Major ovarian cancer screening trial fails to show any reduction in deaths

Screening the population regularly for ovarian cancer did not reduce deaths from the disease, a UK study has found.

More than 200,000 women underwent annual screenings over 16 years as part of the trial but this didn’t translate into more lives being saved, scientists said.

Two screening methods were used: a yearly ultrasound scan, or an annual blood test alongside the ultrasound scan – known as multimodal screening.

The findings, published in the journal The Lancet, showed that while multimodal testing picked up some cancer cases at an early stage, neither screening method reduced deaths.

As a result, experts said they cannot recommend regular ovarian cancer screening for the general population using the two existing methods – but added those experiencing symptoms should consult their doctor so they can get early access to treatment, if needed.

Professor Mahesh Parmar, director of the Medical Research Council clinical trials unit at University College London, and a senior author on the paper, said: "There have been significant improvements in the treatment of advanced disease in the last 10 years, since screening in our trial ended.

"Our trial showed that screening was not effective in women who do not have any symptoms of ovarian cancer; in women who do have symptoms early diagnosis, combined with this better treatment, can still make a difference to quality of life and, potentially, improve outcomes.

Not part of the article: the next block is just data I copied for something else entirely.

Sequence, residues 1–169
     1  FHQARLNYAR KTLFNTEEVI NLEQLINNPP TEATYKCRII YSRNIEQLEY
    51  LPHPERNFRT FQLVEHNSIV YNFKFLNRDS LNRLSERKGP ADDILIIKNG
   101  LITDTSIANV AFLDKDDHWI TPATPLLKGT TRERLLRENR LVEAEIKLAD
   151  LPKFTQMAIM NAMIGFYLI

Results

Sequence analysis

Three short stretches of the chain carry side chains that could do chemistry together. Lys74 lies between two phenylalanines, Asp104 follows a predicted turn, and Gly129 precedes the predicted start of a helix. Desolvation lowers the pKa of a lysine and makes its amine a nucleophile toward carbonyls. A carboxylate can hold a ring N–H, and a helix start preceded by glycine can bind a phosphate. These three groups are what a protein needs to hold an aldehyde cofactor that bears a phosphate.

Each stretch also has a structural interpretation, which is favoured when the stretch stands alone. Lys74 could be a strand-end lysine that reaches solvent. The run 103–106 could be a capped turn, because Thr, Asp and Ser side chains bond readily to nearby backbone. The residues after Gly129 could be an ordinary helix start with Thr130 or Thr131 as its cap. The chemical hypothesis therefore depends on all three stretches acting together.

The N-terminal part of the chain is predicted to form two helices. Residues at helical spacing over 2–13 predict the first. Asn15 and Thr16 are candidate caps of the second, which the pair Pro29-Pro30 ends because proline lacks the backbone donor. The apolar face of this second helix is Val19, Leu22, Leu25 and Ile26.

"On top of this, getting a diagnosis quickly, whatever the stage of the cancer, is profoundly important to women and their families."

More than 4,000 women die from ovarian cancer each year in the UK.

The disease is hard to detect in its early stages due to its vague symptoms, such as constipation, bloating, feeling full quickly when eating and back pain.

The trial was designed to see whether the existing screening methods could cut deaths by picking up ovarian cancer earlier, when treatments are more likely to be effective.

Women aged 50-74 were enrolled in the trial between 2001 and 2005 and randomly allocated to one of three groups: no screening, vaginal ultrasound screening, and multimodal screening.

The blood test in the multimodal screening measures levels of a protein called CA125 that is often elevated in the blood of women who have ovarian cancer. The ultrasound scan is used to look for abnormalities in the ovaries.

Around 39% more early-stage cancers were detected through blood test screening, the researchers said, compared with the no-screening group.

There was no difference in the stage of cancers detected in the ultrasound group compared with the no screening group, they added.

Professor Usha Menon, of the Medical Research Council clinical trials unit at University College London and lead investigator of the trial, said: "We are disappointed as this is not the outcome we and everyone involved in the trial had hoped and worked for over so many years.

"To save lives, we will require a better screening test that detects ovarian cancer earlier and in more women than the multimodal screening strategy we used."

Commenting on the research, Michelle Mitchell, Cancer Research UK’s chief executive, said: "Trials don’t always find the result we had hoped for, but we need long-term studies like this to know whether new tests save lives."

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